Sorting Out One of the Biggest Fitness Debates
There’s no doubt that cardio can be a little addictive. The best of runners know this well, but even cycling and using the elliptical come with their own habit forming effects.
A lot the addictive qualities of cardio are tied to the old adage “no pain, no gain.” We’ve all heard it, and cardio is where it often rears its ugly head. We approach cardio with the belief that you have to push yourself really hard to see the effects you want.
And when you’re finished a cardio workout, all the aches, pains, and exhaustion feel just right. They’re totally in line with a “no pain, no gain” approach to fitness. But aside from the endorphins, these outcomes aren’t always a good thing. Over time, you might be doing some damage to your body.
And that’s where today’s topic comes in. Can too much cardio be bad for you? Absolutely, and I’m about to explain why – while offering some effective and healthy solutions for what to do instead.
Why Cardio Can Be Bad in Excess – And What to Do About It
Chronic Cardio Can Put Stress on Your Heart
We often think of cardio exercise as being only beneficial for our heart and entire cardiovascular system. But this isn’t necessarily the case, especially when you’re doing cardio in excess.
Research is actually showing a dark side to too much cardio. In studies of marathon runners and triathletes, years of intense cardio seemed to be associated with heart problems and plaque-build up in the arteries. Other research has shown immediate problems in circulation following long endurance running, even in trained athletes.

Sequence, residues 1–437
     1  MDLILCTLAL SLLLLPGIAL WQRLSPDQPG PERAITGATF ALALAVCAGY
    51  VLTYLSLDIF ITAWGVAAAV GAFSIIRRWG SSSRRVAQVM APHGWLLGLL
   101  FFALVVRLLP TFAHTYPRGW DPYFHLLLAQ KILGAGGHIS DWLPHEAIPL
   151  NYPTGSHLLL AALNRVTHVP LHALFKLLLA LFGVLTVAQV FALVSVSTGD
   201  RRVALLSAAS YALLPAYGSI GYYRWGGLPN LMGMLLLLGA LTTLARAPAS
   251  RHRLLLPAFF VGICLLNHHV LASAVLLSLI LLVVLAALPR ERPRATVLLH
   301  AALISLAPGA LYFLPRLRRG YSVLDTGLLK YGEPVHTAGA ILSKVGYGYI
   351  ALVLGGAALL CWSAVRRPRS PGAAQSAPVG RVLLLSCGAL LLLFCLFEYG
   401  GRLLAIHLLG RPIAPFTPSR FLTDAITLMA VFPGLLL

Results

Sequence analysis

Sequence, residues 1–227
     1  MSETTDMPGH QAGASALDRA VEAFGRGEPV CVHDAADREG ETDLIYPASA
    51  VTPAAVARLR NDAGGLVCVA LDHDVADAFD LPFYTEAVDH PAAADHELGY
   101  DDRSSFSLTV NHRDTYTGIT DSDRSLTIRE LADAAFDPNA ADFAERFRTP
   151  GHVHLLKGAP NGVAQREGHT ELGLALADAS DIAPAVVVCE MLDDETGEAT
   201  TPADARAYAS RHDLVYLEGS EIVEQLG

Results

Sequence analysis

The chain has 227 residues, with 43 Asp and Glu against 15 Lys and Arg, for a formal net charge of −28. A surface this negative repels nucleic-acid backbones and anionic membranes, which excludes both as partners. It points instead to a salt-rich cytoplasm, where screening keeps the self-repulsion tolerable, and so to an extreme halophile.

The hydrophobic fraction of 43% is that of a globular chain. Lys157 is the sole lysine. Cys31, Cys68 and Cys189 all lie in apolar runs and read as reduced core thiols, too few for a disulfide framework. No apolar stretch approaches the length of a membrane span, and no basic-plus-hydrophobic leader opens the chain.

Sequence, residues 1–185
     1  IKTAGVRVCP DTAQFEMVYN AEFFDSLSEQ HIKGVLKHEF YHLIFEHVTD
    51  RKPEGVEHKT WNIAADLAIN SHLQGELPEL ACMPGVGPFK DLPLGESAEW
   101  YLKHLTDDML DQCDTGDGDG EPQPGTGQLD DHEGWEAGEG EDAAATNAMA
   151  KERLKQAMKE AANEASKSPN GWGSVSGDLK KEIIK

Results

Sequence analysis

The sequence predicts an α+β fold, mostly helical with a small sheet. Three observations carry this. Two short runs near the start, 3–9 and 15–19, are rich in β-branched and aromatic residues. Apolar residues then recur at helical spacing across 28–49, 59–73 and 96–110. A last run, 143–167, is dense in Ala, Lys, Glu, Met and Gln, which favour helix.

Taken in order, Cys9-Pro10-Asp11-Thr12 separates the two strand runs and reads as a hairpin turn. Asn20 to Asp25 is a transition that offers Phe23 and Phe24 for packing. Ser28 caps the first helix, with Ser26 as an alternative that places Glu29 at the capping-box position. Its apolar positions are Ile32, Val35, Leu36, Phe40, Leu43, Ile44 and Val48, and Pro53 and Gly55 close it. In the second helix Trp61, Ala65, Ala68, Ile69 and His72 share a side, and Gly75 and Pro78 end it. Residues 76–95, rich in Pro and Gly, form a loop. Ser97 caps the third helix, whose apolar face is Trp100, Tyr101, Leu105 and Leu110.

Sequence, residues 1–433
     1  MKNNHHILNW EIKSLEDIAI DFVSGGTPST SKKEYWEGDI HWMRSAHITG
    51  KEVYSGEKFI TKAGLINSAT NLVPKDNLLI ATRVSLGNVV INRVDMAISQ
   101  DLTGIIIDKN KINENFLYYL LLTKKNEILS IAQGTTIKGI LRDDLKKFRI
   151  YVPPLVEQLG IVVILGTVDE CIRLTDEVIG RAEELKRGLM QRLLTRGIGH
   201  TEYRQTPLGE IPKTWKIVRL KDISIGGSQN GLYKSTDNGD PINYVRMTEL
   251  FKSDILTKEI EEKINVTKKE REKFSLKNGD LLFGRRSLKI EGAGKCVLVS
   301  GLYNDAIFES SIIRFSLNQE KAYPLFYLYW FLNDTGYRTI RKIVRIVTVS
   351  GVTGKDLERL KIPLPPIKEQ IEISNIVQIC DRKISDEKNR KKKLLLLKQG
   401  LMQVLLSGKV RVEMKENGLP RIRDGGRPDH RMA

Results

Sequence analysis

The problem is that cardio is still a form of stress on your body. In moderation, your body can adapt to this stress without any real consequence. But if you constantly push yourself too hard, not provide adequate time to rest and also have good sleeping habits you may be breaking your body’s limits and putting yourself at risk of cardiovascular disease.
Chronic Cardio May Cause Unwanted Weight Gain
Seriously! Too much cardio can actually mess with your hormones, especially the stress hormone cortisol. Again, this comes back to the fact that cardio is technically a form of stress, and too much can induce a prolonged stress response in your body.
Over time, too much cortisol being released wreaks havoc on your body, affecting everything from your immune system to your mental acuity. What’s worse, there is a direct link between increased cortisol and weight gain. And it’s not just any weight gain. Studies show that cortisol leads to weight gain around your stomach and love handles more than anywhere else – the exact opposite of what you’re probably looking for.
What to Do Instead:
There are three recommendations I’m going to make here. One is to start replacing some of your long endurance cardio with high intensity interval training. This will help you avoid the chronic strain on your body, while also conditioning your muscles to ensure maximum enhancement of your metabolism (i.e., fat-burning ability).
For more on why you should give HIIT a try, take a look at these 7 Reasons to Try High Intensity Interval Training.
The second recommendation is to start incorporating yoga. The reason yoga is so good is that it challenges muscles that normally get ignored in traditional cardio exercise. Plus you get a whole lot of flexibility training, which can help improve your health and fitness in a number of ways.
Not convinced? Check out these Health Benefits of Yoga for more information.
Lastly, if you find that you can’t give it up all together try switching it up with another lower-impact cardio activity like biking. Biking will take away all the stress from the impact on your knees and lower back but still allow you to improve your cardiovascular capabilities.
Whatever you do, remember this: Cardio isn’t all bad, but there’s a lot more out there you should explore when it comes to your exercise habits. In moderation, cardio can be an extra boost to your weight loss and toning efforts. But in too high of doses, you may be working against yourself.
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